An argument has been advanced that even though the effective tax rate may not change much, since companies with pre-tax profits of over Rs 500 crores have at present an effective tax rate of only 20.68 per cent while companies with pre-tax profits of Rs 1 crore have an effective tax rate of 26.89 per cent, there would be greater equity across companies with the implementation of the budgetary provisions. But, even if these figures are correct, a lot of these large profit making companies, it must not be forgotten, belong to the public sector. In fact, the effective tax rate for public sector companies is estimated at 19.33 per cent and for private sector at 24.44 per cent. A uniform 23 per cent effective tax rate therefore would mean a lower tax burden on the private sector, and also a loss to the exchequer since the “internal and extra budgetary resources of the public sector” are available anyway to the union government for financing the Central Plan outlay. The net loss to the exchequer owing to the budgetary measures, and that too of a significant order of magnitude, is therefore an undeniable fact.


Not surprisingly, while Jaitley has reduced the corporate tax rate, and has deferred the application of GAAR (the General Anti-Avoidance Rules) by two years to April 1, 2017, after which these rules would apply only to investments made from that date onwards, he has kept the provision for MGNREGS virtually unchanged at Rs 34,699 crores (last year’s provision was Rs 34,000 crores). True, there is a promise that if the revenue situation improved he would increase the allocation for MGNREGS by another Rs 5000 crores, but this is not only a pie in the sky, but also against the very spirit of the Act which had made the provision of employment, upon asking for it, mandatory. In a “rights”-driven scheme there cannot be any rigid pre-fixed allocations; and if there are, then the “right” has in effect been withdrawn.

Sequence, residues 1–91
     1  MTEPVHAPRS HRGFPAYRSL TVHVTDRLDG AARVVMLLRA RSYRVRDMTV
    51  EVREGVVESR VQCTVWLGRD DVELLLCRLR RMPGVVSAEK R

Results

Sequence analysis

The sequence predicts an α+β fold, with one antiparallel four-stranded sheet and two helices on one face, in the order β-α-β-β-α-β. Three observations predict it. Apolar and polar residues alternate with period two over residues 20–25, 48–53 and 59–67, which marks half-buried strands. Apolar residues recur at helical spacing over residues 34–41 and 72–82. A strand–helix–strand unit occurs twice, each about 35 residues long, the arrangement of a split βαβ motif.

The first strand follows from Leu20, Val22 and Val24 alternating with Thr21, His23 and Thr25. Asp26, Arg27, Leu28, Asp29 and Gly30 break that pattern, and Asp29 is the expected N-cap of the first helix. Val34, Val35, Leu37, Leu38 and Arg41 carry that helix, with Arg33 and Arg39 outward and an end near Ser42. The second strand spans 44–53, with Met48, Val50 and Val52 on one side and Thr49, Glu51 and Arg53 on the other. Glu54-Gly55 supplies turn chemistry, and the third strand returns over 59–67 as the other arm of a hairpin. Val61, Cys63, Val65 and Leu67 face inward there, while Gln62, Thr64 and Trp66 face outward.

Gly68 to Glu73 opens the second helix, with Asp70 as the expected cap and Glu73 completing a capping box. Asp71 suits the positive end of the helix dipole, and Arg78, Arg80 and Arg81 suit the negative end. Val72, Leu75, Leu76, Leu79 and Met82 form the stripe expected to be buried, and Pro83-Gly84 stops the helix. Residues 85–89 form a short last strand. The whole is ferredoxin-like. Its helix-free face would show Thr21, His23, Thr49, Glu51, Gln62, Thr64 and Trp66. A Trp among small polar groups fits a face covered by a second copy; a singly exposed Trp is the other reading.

In fact, however, even as things stand, the MGNREGS allocation has been effectively pruned. The centre, which is supposed to provide funds for this scheme, already owes the states Rs 6000 crores because the state governments have paid a part of the mounting wage arrears (estimated to be as high as Rs12,000 crores). Even without taking account of inflation, even without considering the actual wage arrears (ie even assuming that the Rs 6000 crores paid by the state governments have cleared the entire amount of wage arrears, though they obviously have not), if the centre wanted to maintain the MGNREGS at the same absolute level as in the previous year, the minimum outlay it should have provided is Rs 46,000 crores (consisting of Rs 34,000 crores plus Rs 6000 crore arrears plus Rs 6000 crore shortfall that caused the arrears in the first place); the fact that it has not done so but kept the provision at roughly the same level as last year, implies therefore a massive actual cut, of at least 30 per cent (ie, Rs 12000 crore on Rs 40,000 crore).  Curtailing an Employment Guarantee Scheme, meant to provide a universal economic right to the people of rural India on the basis of a unanimous resolution of the parliament, while handing over tax relief to the corporates, sum up between them the ideology of the present government: they give a clear indication of the class orientation of the budget. Prime Minister Narendra Modi’s characteristically crude diatribe against the MGNREGS, which happens to be the largest rural employment scheme anywhere in the world, only underscores the anti-poor and the pro-corporate ideology of the NDA government.